I loved reading John Le Carre as a teenager, not to mention watching the BBC series featuring the amazing Sir Alex Guinness from the Cold War 1980's over and over again. After a long period of not reading Le Carre's books, and having just finished reading two "feminist" novels before starting "Our Game", I realized that I what I adored most was the seeking part of the story. I love the idea of breaking into houses and reading people's mail. Of course I don't do this. I love the jettisoning of ca [...]

    Though this may be a cliche, Le Carre is one of those writers you either love or hate. I love him. I love the sarcasm and dry british public school wit, and I love the Smiley character (though he doesn't appear in this book). I've been dipping my toes into his books for the last year, but eventually, I am sure I will read all of them.I've read four LeCarre novels so far, and this is probably my favorite. it is one of his post cold war books, and it is very well done. The book centers around the [...]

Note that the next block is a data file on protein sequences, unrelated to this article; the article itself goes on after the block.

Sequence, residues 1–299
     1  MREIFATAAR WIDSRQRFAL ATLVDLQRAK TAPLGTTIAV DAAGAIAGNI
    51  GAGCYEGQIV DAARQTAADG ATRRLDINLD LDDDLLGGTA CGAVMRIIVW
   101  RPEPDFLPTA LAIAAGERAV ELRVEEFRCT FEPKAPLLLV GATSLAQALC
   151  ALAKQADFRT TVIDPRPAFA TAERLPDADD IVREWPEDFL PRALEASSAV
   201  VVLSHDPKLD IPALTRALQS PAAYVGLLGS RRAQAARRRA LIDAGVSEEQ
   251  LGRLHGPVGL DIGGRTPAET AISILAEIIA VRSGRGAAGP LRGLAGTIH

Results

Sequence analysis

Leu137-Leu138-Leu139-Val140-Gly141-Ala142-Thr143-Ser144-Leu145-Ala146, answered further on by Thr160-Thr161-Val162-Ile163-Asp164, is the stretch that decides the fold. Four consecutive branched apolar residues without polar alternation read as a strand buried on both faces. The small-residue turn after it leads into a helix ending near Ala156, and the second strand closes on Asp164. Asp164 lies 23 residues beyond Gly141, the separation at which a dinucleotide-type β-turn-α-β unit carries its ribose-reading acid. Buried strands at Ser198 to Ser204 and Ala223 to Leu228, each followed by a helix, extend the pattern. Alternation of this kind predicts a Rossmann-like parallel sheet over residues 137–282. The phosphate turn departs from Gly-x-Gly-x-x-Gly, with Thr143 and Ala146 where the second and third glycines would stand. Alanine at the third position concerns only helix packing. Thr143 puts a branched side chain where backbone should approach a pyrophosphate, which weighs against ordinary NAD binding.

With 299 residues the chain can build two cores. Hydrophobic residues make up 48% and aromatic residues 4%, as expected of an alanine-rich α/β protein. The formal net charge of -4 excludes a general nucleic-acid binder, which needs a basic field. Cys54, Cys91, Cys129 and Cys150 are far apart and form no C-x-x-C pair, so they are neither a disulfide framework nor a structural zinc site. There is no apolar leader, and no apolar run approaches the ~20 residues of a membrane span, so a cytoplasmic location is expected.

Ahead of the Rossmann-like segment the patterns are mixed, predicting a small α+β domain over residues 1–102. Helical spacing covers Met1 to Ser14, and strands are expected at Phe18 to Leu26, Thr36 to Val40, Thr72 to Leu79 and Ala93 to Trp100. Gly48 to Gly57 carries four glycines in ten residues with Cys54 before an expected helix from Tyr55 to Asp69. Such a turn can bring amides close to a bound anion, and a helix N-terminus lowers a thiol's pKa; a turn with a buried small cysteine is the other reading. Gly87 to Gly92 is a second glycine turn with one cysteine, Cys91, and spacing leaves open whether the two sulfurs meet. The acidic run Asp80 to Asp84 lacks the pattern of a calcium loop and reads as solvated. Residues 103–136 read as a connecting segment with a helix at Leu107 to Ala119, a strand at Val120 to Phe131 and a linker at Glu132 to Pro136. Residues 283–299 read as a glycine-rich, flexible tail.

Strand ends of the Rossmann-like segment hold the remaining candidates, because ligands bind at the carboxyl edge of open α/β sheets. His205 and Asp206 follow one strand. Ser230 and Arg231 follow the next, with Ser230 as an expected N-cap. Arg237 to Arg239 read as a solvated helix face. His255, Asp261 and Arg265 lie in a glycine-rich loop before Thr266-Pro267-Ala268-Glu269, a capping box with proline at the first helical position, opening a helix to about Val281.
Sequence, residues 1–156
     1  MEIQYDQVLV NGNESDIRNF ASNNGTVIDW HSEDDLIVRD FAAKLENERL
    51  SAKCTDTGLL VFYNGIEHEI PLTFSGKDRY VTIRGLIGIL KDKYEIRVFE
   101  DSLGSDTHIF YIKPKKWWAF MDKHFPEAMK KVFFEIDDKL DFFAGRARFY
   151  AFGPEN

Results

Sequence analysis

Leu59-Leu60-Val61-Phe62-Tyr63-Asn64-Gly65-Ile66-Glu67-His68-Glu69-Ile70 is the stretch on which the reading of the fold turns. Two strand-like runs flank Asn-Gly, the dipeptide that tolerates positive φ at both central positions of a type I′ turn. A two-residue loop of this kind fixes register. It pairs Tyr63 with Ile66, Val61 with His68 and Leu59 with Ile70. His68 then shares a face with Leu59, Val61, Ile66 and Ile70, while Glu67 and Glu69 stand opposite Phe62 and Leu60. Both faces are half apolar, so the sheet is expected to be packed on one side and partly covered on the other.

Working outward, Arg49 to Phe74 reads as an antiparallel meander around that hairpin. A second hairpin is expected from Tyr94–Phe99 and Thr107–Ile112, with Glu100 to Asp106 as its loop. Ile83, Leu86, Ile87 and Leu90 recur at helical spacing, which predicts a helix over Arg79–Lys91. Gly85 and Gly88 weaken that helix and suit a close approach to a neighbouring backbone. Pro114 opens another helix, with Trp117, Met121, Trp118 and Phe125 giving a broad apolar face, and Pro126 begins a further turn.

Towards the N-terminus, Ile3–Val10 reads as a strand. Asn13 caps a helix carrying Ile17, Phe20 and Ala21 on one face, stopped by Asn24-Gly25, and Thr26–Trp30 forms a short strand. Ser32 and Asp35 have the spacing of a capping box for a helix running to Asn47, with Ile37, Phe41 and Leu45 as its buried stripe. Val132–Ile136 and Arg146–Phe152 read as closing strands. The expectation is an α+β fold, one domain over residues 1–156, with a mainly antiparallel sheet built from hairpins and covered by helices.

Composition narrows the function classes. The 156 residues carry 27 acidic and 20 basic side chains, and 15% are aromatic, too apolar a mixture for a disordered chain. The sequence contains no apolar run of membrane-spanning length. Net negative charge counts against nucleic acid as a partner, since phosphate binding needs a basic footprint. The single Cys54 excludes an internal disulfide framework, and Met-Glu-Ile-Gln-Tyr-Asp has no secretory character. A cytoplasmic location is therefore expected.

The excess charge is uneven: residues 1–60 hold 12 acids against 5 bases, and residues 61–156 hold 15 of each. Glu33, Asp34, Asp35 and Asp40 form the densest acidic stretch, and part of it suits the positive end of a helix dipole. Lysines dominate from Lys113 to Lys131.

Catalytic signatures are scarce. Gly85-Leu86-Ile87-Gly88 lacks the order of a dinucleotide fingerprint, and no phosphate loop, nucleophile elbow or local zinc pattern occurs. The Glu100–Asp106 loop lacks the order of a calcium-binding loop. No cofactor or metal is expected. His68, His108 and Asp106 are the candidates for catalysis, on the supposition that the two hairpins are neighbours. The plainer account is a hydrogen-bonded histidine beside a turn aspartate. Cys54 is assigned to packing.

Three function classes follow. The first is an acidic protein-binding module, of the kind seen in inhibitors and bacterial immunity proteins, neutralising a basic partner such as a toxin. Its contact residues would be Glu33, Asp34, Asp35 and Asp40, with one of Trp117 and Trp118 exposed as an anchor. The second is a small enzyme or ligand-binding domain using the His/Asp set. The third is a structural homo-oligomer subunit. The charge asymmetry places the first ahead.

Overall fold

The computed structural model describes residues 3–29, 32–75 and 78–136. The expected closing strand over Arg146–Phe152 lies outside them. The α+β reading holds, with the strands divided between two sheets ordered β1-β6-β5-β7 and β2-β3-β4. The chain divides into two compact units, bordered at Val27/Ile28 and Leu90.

I wouldn't recommend this book to anyone. I started out struggling to read it…then it got a little more interesting in plot and character. But by the end I was tired of all the words and no action. I seem to remember really liking the other leCarre books I've read, but it's been a while.

    a very detailed story of a retired spy master, his 'creature', and his lover all involved in a post-soviet arms smuggling. clever and complex, but way too long.

    A favourite of mine among Le Carré’s body of work. Echoes of Genesis, “One for the Vine.” Very much about individual loyalty rather than fidelity to one’s country.